Statistics are charting a dangerous shortfall in nurse numbers, and the problem won’t go away until we face up to the need to foster more home grown talent, writes Jan Quallington
In the run-up to the general election, there was constant talk of what could be done to rescue the NHS from crisis.
‘We are surrounded by statistical evidence highlighting the scale of the problem’
But for all the political rhetoric, few commentators seem to be aware that we are already teetering on the brink of disaster on an unprecedented scale, unless something is done now about training more nurses.
The ongoing failure to act means many health services will grind to a halt unless the incoming government takes immediate action.
The new administration, whatever its composition, will have to move within its first weeks in office to avert this impending disaster, by expanding the number of student nurses.
- Staff shortage fuels recruitment of nearly 6,000 overseas nurses
- Four out of five hospitals miss own nurse staffing targets
We have known this time bomb is ticking. Health Education England was created in 2012 to provide “national leadership” for nurse workforce planning, but it has simply presided over a worsening disaster.
We are surrounded by statistical evidence highlighting the scale of the problem. The Centre for Workforce Intelligence has predicted the shortage of nurses could be as high as 190,000 by 2016; meanwhile, the number of nurse training places has fallen by 2,500 since 2011, a drop of almost 13 per cent.
A National Institute for Health and Care Excellence report last year said an extra £414m was needed immediately to produce safe staffing levels.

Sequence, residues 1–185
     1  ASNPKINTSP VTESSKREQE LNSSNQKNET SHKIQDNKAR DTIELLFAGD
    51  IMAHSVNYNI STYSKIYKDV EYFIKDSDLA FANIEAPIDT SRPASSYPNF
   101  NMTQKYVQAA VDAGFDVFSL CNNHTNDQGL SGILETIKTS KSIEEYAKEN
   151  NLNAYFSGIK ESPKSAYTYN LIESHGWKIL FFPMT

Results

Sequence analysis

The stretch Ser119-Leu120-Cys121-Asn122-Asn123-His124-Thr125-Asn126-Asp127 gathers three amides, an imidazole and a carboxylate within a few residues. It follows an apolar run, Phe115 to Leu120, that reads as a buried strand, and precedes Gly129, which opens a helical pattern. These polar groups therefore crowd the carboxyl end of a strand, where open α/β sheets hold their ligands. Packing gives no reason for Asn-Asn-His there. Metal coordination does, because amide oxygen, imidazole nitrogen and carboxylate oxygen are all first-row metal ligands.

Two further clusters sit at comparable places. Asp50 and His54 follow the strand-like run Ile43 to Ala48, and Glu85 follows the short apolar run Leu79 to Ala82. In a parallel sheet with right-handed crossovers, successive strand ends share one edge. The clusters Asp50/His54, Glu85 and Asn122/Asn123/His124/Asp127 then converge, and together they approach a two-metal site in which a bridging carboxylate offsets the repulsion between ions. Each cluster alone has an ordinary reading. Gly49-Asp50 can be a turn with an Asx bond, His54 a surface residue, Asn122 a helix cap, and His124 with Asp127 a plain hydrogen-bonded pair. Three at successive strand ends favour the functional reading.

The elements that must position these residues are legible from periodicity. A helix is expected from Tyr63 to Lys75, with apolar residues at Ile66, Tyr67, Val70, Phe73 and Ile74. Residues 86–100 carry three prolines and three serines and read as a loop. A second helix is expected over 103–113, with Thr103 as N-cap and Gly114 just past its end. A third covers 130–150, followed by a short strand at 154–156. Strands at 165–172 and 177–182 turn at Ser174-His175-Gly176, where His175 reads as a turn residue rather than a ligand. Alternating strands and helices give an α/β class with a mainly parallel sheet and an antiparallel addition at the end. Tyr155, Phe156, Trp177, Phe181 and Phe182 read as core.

‘The majority of nurses say their wards are sometimes, or always, “dangerously understaffed”’
We also know from repeated surveys among nurses that the majority say their wards or units are sometimes, or always, “dangerously understaffed”.
This is happening at a time when it is universally recognised that demand for NHS services is rising at a steady rate of 4 per cent a year.
We know there is a predicted NHS budget shortfall of £30bn by 2020, and we will not get any closer to reducing the deficit by spending extra millions plundering the world’s supply of temporary agency nurses.
The problem was painfully laid bare in the appalling revelations of the Francis report two years ago, which looked at 1,200 apparently avoidable deaths and thousands of examples of cruel or substandard care at Mid Staffordshire Foundation Trust.
‘One-third of the workforce is already nearing retirement age’
A shortage of properly trained staff was identified as a major factor, but despite the continuing litany of reports on care of elderly and frail people lacking compassion, alongside news of regular crises in overstretched accident and emergency departments, little is being done.
It is hard to understand how much more evidence is needed before proper action is taken.
The Francis report led to a decision to fund an extra 500 nurse training places in 2015-16, but this is only a start, as one-third of the workforce is already nearing retirement age.
Nationally, the Royal College of Nursing said 50,000 people applied for 21,000 nurse training places last year, indicating plenty of people have an interest in the career.